Finding the Deep Internet When You Need It
Much of the best information available on the Net cannot be found using Google, but most people have never heard of the Deep Internet and have no idea where they might find it. In this session, Jamie explains what it is and how to find this important information treasure chest.
Winning Results from Technology Dollars
Much of the equipment bought in the past decade sits unused glowing in the back of classrooms because the tech plan failed to address the key elements in the "True Cost of Ownership." Jamie shows how effective and appropriate daily use depends upon a skillful blend of professional development, program development and organizational development.
Teaching Students to Build a Case
Once we move past simple gathering of information to more demanding research challenges, students must learn how to collect information that is pertinent and compelling, evidence sufficient to build a convincing case. Jamie outlines the steps in showing students how to do this kind of research.
Teaching Students to Evaluate a Source's Credibility
Because the Net is often like an information landfill, students must learn to sift through the sites they find and determine which ones are trustworthy. In this presentation, Jamie shows how we can equip students with a set of questions that will aid in the process of assessing credibility.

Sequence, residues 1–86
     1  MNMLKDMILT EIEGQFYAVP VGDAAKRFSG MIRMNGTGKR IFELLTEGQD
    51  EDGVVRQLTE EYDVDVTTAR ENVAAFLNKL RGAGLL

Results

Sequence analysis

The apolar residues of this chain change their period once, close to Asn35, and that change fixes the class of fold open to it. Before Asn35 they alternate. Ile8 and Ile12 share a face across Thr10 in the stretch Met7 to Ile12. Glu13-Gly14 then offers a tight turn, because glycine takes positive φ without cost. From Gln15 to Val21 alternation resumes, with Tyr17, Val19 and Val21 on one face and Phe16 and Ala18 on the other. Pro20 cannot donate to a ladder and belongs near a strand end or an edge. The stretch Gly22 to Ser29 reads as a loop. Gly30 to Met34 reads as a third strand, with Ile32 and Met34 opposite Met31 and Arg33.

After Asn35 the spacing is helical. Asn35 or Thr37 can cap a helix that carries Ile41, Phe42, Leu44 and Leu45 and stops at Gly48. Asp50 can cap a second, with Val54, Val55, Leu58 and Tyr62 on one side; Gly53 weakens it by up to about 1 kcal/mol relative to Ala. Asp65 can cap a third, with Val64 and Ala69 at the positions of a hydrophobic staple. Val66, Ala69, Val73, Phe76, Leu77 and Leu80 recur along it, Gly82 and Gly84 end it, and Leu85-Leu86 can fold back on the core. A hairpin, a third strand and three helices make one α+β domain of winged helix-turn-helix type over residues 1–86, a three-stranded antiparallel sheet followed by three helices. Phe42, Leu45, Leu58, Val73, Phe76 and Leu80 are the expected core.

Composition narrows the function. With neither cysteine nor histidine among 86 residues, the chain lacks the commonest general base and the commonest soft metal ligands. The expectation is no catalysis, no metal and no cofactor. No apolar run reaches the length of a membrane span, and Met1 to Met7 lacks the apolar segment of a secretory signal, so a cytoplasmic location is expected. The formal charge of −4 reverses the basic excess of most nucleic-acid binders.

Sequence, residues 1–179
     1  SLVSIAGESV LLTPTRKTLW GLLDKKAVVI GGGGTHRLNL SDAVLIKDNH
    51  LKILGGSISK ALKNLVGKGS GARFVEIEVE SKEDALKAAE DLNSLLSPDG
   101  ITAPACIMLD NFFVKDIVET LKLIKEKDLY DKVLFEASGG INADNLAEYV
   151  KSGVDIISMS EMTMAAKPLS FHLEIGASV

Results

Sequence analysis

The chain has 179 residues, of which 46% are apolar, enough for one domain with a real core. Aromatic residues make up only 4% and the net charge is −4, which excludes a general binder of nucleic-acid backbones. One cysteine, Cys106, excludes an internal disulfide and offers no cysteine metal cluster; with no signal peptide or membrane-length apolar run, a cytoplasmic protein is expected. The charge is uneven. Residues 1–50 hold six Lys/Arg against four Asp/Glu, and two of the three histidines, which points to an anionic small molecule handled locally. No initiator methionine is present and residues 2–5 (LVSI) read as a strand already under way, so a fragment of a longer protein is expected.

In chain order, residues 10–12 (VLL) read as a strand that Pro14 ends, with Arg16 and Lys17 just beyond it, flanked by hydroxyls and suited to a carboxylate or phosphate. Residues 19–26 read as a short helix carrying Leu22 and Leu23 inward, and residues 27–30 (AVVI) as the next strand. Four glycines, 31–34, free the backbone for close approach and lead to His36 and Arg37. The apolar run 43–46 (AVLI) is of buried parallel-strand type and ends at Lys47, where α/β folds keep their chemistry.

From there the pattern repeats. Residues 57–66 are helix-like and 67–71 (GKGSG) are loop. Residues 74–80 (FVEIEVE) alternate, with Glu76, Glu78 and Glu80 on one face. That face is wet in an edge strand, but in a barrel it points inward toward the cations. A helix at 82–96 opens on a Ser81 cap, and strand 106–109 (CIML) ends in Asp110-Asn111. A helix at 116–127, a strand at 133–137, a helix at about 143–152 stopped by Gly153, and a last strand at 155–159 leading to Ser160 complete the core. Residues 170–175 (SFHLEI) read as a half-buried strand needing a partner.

Teaching Media Literacy in an Age of Wikilobbying, Spin, Tabloid Journalism and the Photoshopping of Reality
How do young people learn what is happening in their world when the media has turned dramatically from the reporting of news to a focus on scandal, celebrity gossip and disasters of various kinds? In this presentation Jamie gives examples of spin, Wikilobbying and the photoshopping of reality while providing an overview of how schools might make media literacy an important element in the curriculum.
Replacing Topical Research with Inquiry that Matters
Jamie argues that topical research is mind numbing and a waste of students' time - the mere gathering of information requiring little thought or imagination. He shows how research might focus on questions of import that would require that students make answers instead of collecting them.
Understanding by Accident: Wondering and Wandering as Legitimate Research Strategies
While applauding the intentions of UBD (Understanding by Design), Jamie argues for the value of surprise and discovery set in motion by a kind of purposeful wandering and wondering that goes far afield in order to find the unusual, the novel and the delightful.
A New Literacy Landscape - Multiple Literacies vs. the Narrow Agenda and Wal-Mart Curriculum
In a decade characterized by narrow definitions of curriculum and literacy, Jamie builds a case for a dozen different literacies, suggesting that the health of a democracy depends upon the development of a citizenry that can do more than read and calculate. He challenges the audience to consider how schools might attend to cultural, social, artistic, natural, visual and ethical literacies among others.
Will the Real Joan of Arc Stand Up? Making Sense of Images from History
While the Internet is loaded with images of historical personalities, it may be that some of these images are not trustworthy. Jamie uses the examples of Joan of Arc and Captain Matthew Flinders to explore issues of truth and reliability when it comes to portraits as historical evidence of character and personality.